2014	268.8217472	258.3252594	155.2341231	91.29458376	71.54731089	44.38910013	34.02008288	26.38691822	23.18319784
2015	270.1981054	263.9787661	161.782259	91.50005373	71.78092996	44.91935131	34.95143067	22.84688395	22.49074163
2016	272.3474731	266.3150279	160.8777362	92.38562388	70.84193288	48.76227391	35.83581548	21.36037202	22.66626859
2017	274.7857794	270.1651743	164.661595	93.45879494	68.16941746	46.97302657	36.15844528	21.62547785	21.9541159
2018	280.2902792	276.0532927	169.0973625	94.30430483	67.15581327	46.86622459	36.94581283	21.79916212	22.56893355
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The strain on existing development models is compounded by demographic pressures - for example more than 50 percent of the population living across the Middle East is under the age of 30; the proportion is above 70% in Nigeria. Income from oil and gas will not be sufficient to create opportunities for all those looking to enter the workforce.

Charting the path forward


The reform agenda for producer economies is much wider than energy - a major purpose is to expand opportunities across other sectors of the economy. That said, overall reform efforts stand to benefit significantly from a well functioning energy sector, which can provide an effective platform – both in terms of revenue and comparative advantage – for achieving broader social and economic objectives.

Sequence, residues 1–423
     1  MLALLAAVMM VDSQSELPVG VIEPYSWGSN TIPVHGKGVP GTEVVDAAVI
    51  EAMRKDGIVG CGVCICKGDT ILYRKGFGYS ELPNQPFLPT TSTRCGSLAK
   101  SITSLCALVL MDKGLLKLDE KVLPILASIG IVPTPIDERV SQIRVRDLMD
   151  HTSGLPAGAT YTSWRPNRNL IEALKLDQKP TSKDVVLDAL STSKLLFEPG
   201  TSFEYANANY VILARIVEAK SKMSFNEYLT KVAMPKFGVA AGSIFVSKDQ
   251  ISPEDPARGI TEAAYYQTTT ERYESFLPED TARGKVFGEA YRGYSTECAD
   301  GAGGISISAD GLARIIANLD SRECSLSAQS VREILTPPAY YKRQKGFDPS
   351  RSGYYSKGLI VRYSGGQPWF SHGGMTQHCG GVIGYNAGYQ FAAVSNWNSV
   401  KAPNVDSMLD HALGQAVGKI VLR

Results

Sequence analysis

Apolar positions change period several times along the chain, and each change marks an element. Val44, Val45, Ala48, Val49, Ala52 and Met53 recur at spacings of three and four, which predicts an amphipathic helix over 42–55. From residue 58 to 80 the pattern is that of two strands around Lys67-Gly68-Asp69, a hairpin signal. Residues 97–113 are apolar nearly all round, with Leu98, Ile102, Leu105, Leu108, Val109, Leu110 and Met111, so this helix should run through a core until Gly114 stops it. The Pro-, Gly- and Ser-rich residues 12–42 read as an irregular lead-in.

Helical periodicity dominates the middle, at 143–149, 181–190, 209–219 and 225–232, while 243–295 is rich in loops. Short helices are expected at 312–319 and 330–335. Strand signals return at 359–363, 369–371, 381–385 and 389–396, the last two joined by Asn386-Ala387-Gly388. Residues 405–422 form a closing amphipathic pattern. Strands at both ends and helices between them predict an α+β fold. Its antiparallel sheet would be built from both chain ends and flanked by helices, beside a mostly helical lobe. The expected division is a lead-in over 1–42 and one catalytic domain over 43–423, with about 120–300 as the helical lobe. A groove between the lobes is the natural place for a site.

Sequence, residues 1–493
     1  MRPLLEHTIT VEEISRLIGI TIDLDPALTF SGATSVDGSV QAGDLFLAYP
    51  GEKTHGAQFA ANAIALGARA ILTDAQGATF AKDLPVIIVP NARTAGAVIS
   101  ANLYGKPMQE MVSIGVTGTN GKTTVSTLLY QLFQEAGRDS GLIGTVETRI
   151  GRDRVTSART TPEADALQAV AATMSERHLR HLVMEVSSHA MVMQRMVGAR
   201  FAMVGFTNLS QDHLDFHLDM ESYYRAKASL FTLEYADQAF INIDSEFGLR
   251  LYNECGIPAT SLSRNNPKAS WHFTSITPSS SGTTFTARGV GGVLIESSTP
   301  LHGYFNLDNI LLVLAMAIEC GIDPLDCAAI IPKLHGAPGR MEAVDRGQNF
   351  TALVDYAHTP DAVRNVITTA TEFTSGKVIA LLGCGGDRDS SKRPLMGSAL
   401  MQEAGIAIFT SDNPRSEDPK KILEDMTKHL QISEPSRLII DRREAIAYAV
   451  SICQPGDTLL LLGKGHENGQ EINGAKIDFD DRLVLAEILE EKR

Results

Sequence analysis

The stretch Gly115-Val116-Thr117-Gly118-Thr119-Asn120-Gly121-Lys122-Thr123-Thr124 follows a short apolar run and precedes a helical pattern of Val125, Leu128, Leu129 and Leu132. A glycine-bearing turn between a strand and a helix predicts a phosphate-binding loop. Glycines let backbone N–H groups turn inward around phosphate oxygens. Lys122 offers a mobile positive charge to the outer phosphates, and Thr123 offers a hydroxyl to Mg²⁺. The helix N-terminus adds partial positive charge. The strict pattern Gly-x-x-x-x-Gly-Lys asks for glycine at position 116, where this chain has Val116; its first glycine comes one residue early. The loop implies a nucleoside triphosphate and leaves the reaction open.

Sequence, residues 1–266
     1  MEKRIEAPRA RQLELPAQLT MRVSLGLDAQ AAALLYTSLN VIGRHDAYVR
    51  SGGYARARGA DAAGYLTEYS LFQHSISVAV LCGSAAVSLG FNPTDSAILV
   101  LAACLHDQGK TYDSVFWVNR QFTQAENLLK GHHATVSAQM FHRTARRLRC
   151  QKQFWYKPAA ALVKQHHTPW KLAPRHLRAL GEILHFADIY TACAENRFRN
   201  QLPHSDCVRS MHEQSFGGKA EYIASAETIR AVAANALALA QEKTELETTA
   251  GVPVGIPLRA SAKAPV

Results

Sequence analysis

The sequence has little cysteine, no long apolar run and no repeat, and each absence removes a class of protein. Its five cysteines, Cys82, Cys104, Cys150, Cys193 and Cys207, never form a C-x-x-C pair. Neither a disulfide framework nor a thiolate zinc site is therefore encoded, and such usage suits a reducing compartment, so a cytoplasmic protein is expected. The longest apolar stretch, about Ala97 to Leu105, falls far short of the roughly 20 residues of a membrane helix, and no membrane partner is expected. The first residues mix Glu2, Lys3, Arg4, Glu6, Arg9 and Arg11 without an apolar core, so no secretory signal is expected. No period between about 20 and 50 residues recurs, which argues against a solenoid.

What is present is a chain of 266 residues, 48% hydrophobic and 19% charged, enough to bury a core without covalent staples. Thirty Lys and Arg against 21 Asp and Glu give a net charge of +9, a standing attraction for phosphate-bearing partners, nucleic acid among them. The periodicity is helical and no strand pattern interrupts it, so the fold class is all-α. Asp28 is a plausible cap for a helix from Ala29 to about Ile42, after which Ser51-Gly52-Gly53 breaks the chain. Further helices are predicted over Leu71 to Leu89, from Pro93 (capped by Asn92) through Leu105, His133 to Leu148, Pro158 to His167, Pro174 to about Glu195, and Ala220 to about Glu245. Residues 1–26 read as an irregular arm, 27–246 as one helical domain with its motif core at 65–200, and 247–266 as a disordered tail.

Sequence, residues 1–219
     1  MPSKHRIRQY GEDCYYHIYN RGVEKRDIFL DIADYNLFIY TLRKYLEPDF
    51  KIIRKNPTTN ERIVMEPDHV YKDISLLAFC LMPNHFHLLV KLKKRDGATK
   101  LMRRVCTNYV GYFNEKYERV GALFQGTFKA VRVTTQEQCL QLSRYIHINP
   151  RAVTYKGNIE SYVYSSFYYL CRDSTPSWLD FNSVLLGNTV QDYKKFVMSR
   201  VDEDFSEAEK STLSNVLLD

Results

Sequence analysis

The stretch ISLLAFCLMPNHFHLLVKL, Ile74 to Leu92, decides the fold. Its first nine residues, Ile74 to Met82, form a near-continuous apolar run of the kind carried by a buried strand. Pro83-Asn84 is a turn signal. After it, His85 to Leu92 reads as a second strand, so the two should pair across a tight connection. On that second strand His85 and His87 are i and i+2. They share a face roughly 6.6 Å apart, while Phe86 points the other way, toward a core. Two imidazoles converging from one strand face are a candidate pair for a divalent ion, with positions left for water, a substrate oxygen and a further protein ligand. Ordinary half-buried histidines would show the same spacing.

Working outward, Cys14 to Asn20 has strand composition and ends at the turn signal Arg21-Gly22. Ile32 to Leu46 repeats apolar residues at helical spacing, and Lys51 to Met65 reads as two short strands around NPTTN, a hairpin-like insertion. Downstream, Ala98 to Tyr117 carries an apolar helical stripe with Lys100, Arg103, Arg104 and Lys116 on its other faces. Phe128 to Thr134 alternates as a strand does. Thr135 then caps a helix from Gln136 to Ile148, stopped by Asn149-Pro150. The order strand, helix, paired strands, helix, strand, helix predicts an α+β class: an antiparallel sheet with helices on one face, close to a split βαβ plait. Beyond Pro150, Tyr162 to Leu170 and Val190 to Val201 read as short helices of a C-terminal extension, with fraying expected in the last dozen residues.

Outlook for Producer Economies 2018 outlines six areas in which the energy sector can help:

  • Capturing more domestic value from hydrocarbons, by investing further downstream in refining and petrochemicals.
  • Using natural gas strategically in support of diversification goals: gas is less lucrative than oil, but it can underpin an industrial strategy in a way that oil cannot.
  • Tapping the huge, under-utilised potential of low-carbon energy. There is huge scope to increase cost-effective deployment of renewables and nuclear power (in some countries).
  • Phasing out subsidised consumption of fossil fuels: pricing reform, combined with a push on energy efficiency, can reduce wasteful consumption while retaining an economic advantage from energy
  • Ensuring adequate investment in the upstream: the ability to maintain oil and gas revenues at reasonable levels provides an important element of stability for the economy as a whole Supporting advanced energy technologies: many producers have world-leading expertise that can support innovation and reduce the environmental footprint of oil and gas supply.

For further information, see the commentary "Economic diversification for oil and gas exporters doesn’t mean leaving energy behind" by report authors Tim Gould and Ali Al-Saffar or watch the full webinar on our YouTube channel.